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Use the following three-point rubric to evaluate students' work during this lesson.
  • Three points: Students were highly engaged in class discussions and showed thorough research on their fire-safety message. Their posters featured all of the required information: one, clear message, an explanation or examples, information and statistics to support their message, and an engaging diagram or image.
  • Two points: Students participated in class discussions and showed satisfactory research on their fire-safety message. Their posters featured most of the required information: one, clear message, an explanation or examples, information and statistics to support their message, and an engaging diagram or image.
  • One point: Students did not participate in class discussions and showed little or no research on their fire-safety message. Their posters featured incorrect facts or little or none of the requested information. The message was unclear and unsupported by examples or facts. The diagram or image was simplistic or unrelated to the fire-safety message.

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  • Turning the Tide Against Pollution: After watching the video, review the different ways that Earth's water is being polluted, including industrial waste, runoff from fertilizers, and oil and gasoline seeping into groundwater. Have students learn more about these dangers and the problems they cause to create illustrated, one-paragraph summary reports of the problem. Create a "Save the Water!" display with these reports.
  • Tracking Hurricanes: Have each student work with a partner to write and act out a live weather report that warns of an approaching hurricane. Acting as a meteorologist, they should use a United States map to explain and describe the hurricane. Their weather reports should include the current location of the storm, its projected path and speed, and a prediction of when and where it should hit land.
  • The Power of Water: Review how water erosion created Niagara Falls. Have students explore other geographic features that are formed by the movement of water, such as canyons, caves, coves, and sea cliffs. Have them print out or draw pictures of examples from around the world and put together a "slide show" for the class.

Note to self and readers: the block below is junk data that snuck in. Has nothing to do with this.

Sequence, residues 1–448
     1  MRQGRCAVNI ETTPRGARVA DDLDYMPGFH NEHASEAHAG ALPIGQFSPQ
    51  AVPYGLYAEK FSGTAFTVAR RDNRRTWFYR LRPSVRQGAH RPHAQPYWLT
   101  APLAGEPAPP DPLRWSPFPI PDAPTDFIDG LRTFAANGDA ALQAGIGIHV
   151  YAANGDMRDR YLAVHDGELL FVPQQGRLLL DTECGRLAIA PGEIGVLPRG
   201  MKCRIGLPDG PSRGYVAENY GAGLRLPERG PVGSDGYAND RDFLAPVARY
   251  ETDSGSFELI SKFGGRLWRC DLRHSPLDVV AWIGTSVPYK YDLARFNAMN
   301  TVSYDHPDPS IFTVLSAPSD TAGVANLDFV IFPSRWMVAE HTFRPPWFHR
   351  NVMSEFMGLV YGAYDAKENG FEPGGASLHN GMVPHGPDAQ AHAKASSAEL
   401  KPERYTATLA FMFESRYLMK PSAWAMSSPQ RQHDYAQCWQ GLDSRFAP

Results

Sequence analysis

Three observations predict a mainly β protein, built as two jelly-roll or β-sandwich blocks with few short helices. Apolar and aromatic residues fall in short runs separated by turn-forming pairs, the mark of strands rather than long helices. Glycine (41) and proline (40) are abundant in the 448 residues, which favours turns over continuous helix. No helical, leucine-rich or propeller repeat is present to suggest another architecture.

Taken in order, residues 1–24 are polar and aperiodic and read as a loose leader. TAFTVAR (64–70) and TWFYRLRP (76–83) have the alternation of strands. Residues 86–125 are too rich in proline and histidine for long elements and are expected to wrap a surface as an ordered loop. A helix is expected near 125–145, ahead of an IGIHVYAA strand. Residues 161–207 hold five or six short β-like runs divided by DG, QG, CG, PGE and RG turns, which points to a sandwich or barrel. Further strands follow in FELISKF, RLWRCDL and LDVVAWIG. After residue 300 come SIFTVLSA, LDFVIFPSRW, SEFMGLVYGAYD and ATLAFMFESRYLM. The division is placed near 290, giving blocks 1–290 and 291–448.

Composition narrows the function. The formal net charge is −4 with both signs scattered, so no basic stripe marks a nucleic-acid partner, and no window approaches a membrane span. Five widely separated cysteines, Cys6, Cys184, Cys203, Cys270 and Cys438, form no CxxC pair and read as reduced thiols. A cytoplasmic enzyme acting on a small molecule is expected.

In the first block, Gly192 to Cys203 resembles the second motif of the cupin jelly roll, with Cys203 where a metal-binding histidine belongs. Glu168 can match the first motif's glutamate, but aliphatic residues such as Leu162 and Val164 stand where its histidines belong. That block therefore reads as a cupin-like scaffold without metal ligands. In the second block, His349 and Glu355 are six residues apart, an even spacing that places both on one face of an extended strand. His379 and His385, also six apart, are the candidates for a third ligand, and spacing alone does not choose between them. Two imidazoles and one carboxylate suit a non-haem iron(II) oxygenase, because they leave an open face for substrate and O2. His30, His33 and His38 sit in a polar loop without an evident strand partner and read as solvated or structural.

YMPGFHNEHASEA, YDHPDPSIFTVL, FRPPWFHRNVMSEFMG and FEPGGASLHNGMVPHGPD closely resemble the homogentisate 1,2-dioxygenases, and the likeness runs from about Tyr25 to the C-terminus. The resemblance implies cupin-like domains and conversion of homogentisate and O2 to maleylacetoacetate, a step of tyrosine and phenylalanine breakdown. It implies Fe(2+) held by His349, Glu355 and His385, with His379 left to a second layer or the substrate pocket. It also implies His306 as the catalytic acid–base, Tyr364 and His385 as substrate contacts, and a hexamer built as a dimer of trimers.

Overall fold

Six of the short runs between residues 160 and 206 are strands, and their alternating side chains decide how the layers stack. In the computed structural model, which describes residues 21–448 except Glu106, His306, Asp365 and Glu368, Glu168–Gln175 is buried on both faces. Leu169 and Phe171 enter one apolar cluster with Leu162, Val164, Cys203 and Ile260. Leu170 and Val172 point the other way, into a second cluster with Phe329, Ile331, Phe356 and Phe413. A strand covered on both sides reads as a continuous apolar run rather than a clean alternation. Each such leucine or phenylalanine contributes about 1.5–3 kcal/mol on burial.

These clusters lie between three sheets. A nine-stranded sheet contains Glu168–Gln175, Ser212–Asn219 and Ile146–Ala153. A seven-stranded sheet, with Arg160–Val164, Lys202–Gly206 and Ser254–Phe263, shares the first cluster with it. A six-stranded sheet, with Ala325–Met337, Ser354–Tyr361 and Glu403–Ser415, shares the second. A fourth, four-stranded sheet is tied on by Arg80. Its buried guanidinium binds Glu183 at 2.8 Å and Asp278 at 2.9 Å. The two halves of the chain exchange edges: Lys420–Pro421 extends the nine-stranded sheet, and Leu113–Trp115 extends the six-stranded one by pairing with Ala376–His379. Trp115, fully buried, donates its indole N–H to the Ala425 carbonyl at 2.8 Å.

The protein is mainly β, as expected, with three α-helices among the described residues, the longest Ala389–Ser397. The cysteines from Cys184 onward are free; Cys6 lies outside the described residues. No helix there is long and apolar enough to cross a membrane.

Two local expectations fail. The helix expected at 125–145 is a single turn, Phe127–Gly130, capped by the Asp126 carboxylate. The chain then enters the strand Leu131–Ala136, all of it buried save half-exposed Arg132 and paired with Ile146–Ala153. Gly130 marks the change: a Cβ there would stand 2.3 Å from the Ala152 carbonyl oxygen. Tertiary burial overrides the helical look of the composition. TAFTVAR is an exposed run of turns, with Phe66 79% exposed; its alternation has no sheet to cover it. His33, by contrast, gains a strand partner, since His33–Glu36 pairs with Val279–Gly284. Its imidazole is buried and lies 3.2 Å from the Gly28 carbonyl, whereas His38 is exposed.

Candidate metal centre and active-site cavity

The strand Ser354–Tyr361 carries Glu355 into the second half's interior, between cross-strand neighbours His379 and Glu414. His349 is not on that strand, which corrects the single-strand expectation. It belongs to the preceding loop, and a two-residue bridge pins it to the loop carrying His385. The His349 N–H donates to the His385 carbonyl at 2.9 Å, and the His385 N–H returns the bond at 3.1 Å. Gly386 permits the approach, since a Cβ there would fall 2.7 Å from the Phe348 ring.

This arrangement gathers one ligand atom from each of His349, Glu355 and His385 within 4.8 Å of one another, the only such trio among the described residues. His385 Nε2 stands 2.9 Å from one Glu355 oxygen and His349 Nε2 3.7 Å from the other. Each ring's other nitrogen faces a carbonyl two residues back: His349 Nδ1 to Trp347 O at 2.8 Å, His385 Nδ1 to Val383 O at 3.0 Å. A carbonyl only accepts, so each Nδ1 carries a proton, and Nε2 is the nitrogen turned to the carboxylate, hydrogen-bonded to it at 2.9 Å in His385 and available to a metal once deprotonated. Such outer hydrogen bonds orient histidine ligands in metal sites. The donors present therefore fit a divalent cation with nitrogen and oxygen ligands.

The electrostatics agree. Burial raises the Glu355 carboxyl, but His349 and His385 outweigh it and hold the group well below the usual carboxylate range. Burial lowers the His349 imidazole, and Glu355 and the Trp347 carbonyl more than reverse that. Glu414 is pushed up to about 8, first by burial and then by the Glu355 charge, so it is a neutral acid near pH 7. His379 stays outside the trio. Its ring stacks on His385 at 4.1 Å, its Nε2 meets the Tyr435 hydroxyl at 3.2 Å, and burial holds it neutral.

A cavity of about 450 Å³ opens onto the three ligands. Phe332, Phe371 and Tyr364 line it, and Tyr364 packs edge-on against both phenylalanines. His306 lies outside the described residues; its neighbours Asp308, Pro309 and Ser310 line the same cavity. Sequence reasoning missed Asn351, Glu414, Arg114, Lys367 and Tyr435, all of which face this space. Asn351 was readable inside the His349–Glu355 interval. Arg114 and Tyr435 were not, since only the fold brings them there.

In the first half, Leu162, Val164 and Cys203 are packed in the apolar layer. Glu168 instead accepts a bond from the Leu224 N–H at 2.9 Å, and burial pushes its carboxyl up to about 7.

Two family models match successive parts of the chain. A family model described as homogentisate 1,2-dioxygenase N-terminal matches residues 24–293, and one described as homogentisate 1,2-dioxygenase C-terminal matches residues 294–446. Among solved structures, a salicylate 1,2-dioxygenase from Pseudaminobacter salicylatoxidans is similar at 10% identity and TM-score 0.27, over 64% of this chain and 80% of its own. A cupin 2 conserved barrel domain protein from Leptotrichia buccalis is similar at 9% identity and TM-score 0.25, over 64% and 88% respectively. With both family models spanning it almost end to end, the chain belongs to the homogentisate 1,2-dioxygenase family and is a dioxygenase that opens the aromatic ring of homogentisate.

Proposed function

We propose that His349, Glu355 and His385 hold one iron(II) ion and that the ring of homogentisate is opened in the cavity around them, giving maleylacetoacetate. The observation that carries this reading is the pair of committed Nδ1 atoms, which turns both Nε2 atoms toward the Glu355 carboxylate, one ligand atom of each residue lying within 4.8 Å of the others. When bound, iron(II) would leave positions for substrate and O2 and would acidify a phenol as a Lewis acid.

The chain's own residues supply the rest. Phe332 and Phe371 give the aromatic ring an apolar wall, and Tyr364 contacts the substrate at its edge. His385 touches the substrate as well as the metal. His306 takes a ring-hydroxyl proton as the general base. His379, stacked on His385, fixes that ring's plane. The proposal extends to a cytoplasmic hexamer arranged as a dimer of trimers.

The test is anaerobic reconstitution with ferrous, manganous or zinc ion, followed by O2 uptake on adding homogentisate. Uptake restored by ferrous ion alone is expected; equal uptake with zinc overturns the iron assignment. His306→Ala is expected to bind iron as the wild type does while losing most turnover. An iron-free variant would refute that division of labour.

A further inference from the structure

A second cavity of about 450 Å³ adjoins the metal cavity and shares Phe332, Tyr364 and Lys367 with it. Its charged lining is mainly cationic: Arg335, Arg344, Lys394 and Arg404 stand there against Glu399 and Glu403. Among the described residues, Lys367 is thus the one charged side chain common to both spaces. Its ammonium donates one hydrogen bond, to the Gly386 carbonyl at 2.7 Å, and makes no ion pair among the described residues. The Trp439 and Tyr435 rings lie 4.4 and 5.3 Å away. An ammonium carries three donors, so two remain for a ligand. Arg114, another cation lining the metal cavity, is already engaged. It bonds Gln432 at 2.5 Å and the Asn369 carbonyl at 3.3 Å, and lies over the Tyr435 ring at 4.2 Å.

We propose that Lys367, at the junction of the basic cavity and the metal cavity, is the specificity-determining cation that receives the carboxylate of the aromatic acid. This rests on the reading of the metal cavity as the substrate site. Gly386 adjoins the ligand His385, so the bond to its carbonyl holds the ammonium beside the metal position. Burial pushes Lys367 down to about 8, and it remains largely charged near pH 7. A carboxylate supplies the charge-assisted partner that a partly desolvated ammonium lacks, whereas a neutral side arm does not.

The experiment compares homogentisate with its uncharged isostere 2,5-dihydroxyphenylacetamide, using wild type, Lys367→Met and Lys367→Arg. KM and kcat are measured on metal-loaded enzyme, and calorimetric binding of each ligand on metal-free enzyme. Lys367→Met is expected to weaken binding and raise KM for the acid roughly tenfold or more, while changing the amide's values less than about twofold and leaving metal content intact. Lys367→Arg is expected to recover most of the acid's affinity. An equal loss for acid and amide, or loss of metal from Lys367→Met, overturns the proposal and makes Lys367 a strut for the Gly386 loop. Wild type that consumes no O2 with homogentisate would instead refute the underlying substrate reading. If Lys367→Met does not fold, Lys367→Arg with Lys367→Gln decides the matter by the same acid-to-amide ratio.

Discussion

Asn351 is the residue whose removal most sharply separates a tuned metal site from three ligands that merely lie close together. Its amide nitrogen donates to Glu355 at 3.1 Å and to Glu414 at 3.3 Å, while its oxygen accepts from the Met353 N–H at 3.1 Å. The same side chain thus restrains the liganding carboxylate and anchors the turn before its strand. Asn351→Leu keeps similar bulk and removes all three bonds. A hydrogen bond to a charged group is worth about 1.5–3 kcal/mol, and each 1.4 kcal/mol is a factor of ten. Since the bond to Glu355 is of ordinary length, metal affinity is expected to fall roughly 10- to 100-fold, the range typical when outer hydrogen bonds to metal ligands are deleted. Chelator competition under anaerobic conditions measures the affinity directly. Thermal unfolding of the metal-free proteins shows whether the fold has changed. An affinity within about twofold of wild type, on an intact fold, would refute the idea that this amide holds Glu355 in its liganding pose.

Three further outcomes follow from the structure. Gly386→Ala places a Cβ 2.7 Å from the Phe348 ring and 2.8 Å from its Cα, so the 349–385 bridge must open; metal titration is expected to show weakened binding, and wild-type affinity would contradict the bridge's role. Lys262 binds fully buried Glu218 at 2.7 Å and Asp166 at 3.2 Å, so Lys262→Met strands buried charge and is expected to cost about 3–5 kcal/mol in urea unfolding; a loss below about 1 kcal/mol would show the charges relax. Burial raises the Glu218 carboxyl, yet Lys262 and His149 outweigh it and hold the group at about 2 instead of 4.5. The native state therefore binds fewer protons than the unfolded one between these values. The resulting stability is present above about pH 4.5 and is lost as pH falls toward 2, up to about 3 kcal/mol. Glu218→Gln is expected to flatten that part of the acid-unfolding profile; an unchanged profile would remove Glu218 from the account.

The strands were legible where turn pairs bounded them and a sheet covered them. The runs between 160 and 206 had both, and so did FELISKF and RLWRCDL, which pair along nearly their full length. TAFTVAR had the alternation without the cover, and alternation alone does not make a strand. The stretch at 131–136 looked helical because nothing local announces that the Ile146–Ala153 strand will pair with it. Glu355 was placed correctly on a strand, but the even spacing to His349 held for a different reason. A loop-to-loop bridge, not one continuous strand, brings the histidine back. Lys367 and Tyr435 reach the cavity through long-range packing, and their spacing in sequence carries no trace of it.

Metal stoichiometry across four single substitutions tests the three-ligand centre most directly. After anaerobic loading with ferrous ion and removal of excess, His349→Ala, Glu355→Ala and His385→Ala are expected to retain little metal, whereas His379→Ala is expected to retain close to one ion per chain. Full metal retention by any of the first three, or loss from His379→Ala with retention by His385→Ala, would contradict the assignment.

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DefinitionAble to catch fire or burn; flammable
ContextStacks of newspapers can be extremely combustible.

fire triangle
DefinitionThe three elements that are necessary for a fire to burn: oxygen, heat, and fuel
ContextThe element of fuel in the fire triangle is anything that burns, from gasoline to draperies.

smoke alarm
DefinitionAn electronic tool that detects smoke in the air and beeps to warn of a possible fire; also called "fire detectors"
ContextSmoke alarms should be installed near sleeping areas and on every level of your home.

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The National Science Education Standards provide guidelines for teaching science as well as a coherent vision of what it means to be scientifically literate for students in grades K-12. To view the standards, visit

This lesson plan addresses the following national standards:

  • Science in Personal and Social Perspectives: Natural hazards; Risks and benefits

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Joy Brewster, curriculum writer, editor, and consultant